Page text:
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Explaining Party Emergence in Swedish Local Politics 1973–2002

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    Abstract

    Since individuals demanding formations of new parties face a collective action problem, I inquire why people form new parties, and why this political strategy became increasingly popular between 1973 and 2002 in Swedish municipalities. Case-studies indicate that ‘strong emotions’ – i.e. anger, frustration and indignation – mobilize rational actors to start up new parties. However, ‘strong emotions’ only explain why individuals form parties in the first place, not why party formation has become a popular strategy. Hence, I hypothesize that entrepreneurs forming parties at t inspire potential entrepreneurs in neighbouring municipalities at t + 1. Since previous attempts to explain the increasing number of new parties in Sweden have failed, I maintain that the support the hypothesis gains adds important knowledge to this field.

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    Bibliographic Info

    Paper provided by The Ratio Institute in its series Ratio Working Papers with number 115.

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    Length: 32 pages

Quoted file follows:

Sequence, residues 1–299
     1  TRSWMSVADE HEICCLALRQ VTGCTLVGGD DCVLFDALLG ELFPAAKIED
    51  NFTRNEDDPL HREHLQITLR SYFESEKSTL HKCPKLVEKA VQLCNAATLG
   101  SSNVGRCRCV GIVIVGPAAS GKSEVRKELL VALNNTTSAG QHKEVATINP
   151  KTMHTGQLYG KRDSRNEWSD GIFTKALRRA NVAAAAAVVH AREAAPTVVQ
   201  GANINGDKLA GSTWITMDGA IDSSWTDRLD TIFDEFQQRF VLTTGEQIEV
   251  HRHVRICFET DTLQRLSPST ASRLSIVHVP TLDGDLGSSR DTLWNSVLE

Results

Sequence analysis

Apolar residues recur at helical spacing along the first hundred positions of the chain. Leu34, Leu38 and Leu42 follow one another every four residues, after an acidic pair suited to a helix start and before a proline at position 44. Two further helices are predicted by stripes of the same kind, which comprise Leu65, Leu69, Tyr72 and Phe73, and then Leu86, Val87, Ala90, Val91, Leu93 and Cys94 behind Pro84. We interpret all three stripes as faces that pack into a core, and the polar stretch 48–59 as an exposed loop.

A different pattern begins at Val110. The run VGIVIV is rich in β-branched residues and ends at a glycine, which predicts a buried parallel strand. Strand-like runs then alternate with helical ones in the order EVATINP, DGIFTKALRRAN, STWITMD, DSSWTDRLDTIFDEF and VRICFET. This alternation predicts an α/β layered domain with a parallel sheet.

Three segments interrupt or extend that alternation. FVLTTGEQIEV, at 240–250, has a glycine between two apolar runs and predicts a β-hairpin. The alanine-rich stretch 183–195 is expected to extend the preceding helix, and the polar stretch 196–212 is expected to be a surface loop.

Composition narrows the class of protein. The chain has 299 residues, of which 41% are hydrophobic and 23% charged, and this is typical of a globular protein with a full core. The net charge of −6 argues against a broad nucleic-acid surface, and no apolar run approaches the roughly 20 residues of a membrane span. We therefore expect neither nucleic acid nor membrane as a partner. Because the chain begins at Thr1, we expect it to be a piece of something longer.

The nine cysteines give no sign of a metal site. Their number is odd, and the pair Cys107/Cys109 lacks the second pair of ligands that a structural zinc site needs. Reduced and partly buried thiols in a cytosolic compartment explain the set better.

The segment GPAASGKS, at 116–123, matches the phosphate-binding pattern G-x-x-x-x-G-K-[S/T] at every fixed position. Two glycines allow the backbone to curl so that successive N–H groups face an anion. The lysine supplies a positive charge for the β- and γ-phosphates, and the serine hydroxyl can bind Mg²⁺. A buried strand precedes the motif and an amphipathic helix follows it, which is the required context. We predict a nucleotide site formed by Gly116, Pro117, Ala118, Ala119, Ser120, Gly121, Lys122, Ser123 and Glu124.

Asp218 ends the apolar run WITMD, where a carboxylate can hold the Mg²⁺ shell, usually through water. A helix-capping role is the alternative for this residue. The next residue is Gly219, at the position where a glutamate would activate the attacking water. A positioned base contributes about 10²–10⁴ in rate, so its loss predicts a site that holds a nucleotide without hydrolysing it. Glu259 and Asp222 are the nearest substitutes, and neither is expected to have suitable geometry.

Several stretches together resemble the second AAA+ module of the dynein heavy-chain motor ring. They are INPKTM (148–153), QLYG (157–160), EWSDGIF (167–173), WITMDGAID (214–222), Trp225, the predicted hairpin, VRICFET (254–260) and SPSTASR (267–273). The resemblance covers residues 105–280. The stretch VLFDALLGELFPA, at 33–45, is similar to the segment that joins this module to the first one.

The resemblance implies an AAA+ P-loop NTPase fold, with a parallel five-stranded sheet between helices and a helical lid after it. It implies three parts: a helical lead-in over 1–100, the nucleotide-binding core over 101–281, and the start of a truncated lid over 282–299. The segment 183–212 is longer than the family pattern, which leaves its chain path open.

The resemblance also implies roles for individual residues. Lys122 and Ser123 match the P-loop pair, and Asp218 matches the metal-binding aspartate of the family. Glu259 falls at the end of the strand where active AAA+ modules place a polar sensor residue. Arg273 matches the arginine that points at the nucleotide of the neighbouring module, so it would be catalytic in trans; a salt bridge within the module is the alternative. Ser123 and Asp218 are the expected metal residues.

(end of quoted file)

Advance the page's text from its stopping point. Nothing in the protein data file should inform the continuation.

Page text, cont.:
Date of creation: 03 Jan 2008
    Date of revision:
    Handle: RePEc:hhs:ratioi:0115

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    Keywords: Party entrepreneurs; new parties; emotional arousal; rational imitation; local politics; Sweden;

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    1. Anthony Downs, 1957. "An Economic Theory of Political Action in a Democracy," Journal of Political Economy, University of Chicago Press, vol. 65, pages 135.
    2. Robert H. Bates & Avner Greif & Margaret Levi & Jean-Laurent Rosenthal, 1998. "Analytic Narratives," Economics Books, Princeton University Press, edition 1, volume 1, number 6355.
    3. Harald Bathelt & Andersand Malmberg & Peter Maskell, 2002. "Clusters and Knowledge Local Buzz, Global Pipelines and the Process of Knowledge Creation," DRUID Working Papers 02-12, DRUID, Copenhagen Business School, Department of Industrial Economics and Strategy/Aalborg University, Department of Business Studies.
    4. Joseph Willey, 1998. "Institutional Arrangements and the Success of New Parties in Old Democracies," Political Studies, Political Studies Association, vol. 46(3), pages 651-668, 08.
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